Exodus 29:18
And thou shalt burn the whole ram upon the altar: it is a burnt offering unto the LORD: it is a sweet savour, an offering made by fire unto the LORD.
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(18) Thou shalt burn the whole ram upon the altar.—A burnt offering, as representing self- sacrifice, was entirely acceptable to God; the whole might be consumed upon the altar. It was otherwise with sin offerings, of which only certain parts could be thus offered. (Comp. above, Exodus 29:14; and see Leviticus 4:12; Leviticus 4:21, &c.)

A sweet savour.—Comp. Genesis 8:21 and Note ad loc. It was a general heathen notion that the gods were actually delighted with the odour of the sacrifices offered to them; but there are no just grounds for taxing the Hebrews with such coarse and materialistic ideas. The expression, as used in this place, in Genesis 8:21, and in Leviticus and Numbers repeatedly, is metaphorical. (Comp. Exodus 5:21.)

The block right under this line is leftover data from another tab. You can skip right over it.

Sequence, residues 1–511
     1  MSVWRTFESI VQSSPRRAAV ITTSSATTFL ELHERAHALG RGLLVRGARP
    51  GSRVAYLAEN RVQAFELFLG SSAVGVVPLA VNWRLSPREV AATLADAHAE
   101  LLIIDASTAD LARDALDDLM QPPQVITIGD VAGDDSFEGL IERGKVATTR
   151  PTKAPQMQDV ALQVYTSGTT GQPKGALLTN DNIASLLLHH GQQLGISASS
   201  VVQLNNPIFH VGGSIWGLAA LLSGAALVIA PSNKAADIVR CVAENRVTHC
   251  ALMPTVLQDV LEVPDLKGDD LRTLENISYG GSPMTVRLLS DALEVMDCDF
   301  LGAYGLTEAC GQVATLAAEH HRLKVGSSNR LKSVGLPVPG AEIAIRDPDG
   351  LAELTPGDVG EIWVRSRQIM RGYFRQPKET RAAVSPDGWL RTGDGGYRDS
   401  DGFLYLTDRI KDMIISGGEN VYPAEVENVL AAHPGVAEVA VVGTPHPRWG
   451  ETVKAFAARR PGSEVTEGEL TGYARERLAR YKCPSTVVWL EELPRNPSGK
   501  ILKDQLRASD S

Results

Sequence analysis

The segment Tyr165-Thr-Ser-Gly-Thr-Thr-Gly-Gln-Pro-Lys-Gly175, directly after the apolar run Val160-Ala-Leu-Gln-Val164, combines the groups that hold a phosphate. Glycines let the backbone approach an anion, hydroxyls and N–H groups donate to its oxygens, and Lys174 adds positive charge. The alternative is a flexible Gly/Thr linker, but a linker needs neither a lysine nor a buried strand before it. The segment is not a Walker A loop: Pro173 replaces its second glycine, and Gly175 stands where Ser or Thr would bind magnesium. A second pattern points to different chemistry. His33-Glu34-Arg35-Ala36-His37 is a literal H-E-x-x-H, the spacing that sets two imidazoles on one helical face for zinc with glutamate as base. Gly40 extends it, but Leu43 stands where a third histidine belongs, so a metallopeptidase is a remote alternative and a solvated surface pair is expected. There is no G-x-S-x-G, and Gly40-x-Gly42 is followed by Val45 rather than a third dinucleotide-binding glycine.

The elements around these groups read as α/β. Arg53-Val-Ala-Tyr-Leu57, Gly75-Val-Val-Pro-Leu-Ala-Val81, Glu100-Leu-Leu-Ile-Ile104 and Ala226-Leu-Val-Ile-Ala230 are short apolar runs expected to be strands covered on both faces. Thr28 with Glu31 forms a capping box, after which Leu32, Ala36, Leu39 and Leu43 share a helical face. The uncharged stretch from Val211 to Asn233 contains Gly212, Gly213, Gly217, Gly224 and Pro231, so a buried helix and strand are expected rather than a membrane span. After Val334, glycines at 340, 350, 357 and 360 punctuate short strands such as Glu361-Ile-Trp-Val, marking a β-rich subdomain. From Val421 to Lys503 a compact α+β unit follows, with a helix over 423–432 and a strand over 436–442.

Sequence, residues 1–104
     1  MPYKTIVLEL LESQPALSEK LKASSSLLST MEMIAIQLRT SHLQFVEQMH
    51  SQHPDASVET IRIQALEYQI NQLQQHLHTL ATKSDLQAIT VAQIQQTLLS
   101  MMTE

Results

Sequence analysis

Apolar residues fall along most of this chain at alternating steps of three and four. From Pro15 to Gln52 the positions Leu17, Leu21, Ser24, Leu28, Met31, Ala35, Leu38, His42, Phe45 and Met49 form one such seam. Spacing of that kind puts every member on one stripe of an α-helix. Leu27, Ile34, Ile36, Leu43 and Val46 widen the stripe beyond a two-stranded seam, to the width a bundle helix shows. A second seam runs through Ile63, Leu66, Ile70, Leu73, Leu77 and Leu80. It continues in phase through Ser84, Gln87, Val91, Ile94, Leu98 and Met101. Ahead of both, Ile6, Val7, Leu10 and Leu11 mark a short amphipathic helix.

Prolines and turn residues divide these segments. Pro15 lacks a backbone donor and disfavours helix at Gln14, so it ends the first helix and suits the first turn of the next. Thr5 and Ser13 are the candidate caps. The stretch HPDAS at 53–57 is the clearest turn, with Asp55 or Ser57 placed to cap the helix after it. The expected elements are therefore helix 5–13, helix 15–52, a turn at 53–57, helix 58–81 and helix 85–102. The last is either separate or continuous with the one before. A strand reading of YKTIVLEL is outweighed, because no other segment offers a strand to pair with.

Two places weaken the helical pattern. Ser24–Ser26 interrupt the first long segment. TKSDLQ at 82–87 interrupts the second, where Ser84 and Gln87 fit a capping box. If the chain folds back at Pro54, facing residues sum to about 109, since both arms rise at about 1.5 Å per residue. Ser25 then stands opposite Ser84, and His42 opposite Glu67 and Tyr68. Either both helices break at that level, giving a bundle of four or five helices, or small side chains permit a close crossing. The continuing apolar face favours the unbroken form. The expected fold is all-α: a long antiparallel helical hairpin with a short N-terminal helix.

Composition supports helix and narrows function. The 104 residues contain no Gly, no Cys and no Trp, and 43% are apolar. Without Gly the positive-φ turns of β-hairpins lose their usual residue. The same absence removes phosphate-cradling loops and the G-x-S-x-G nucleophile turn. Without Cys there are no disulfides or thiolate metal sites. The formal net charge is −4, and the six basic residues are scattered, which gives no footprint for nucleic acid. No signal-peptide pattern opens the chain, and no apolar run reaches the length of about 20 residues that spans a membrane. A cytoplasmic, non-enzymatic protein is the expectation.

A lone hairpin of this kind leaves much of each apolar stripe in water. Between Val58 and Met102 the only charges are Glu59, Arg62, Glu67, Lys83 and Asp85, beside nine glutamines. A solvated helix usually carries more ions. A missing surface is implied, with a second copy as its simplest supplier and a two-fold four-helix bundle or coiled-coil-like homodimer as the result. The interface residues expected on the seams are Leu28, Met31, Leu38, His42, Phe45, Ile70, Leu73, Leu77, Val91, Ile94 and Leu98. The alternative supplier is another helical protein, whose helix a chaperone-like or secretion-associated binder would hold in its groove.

29:1-37 Aaron and his sons were to be set apart for the priest's office, with ceremony and solemnity. Our Lord Jesus is the great High Priest of our profession, called of God to be so; anointed with the Spirit, whence he is called Messiah, the Christ; clothed with glory and beauty; sanctified by his own blood; made perfect, or consecrated through sufferings, Heb 2:10. All believers are spiritual priests, to offer spiritual sacrifices,Door of the tabernacle - Entrance of the tent. See Leviticus 8:3.10-22. And thou shalt cause a bullock to be brought before the tabernacle—This part of the ceremonial consisted of three sacrifices: (1) The sacrifice of a bullock, as a sin offering; and in rendering it, the priest was directed to put his hand upon the head of his sacrifice, expressing by that act a consciousness of personal guilt, and a wish that it might be accepted as a vicarious satisfaction. (2) The sacrifice of a ram as a burnt offering (Ex 29:15-18). The ram was to be wholly burnt, in token of the priest's dedication of himself to God and His service. The sin offering was first to be presented, and then the burnt offering; for until guilt be removed, no acceptable service can be performed. (3) There was to be a peace offering, called "the ram of consecration" (Ex 29:19-22). And there was a marked peculiarity in the manner in which this other ram was to be disposed of. The former was for the glory of God—this was for the comfort of the priest himself; and as a sign of a mutual covenant being ratified, the blood of the sacrifice was divided—part sprinkled on the altar round about, and part upon the persons and garments of the priests. Nay, the blood was, by a singular act, directed to be put upon the extremities of the body, thereby signifying that the benefits of the atonement would be applied to the whole nature of man. Moreover, the flesh of this sacrifice was to be divided, as it were, between God and the priest—part of it to be put into his hand to be waved up and down, in token of its being offered to God, and then it was to be burnt upon the altar; the other part was to be eaten by the priests at the door of the tabernacle—that feast being a symbol of communion or fellowship with God. These ceremonies, performed in the order described, showed the qualifications necessary for the priests. (See Heb 7:26, 27; 10:14). A sweet savour, Heb. a savour of rest, wherewith God will be well pleased, and for which, as representing Christ who offered up himself, he will graciously accept of the offerings of the priests for themselves, and for the people.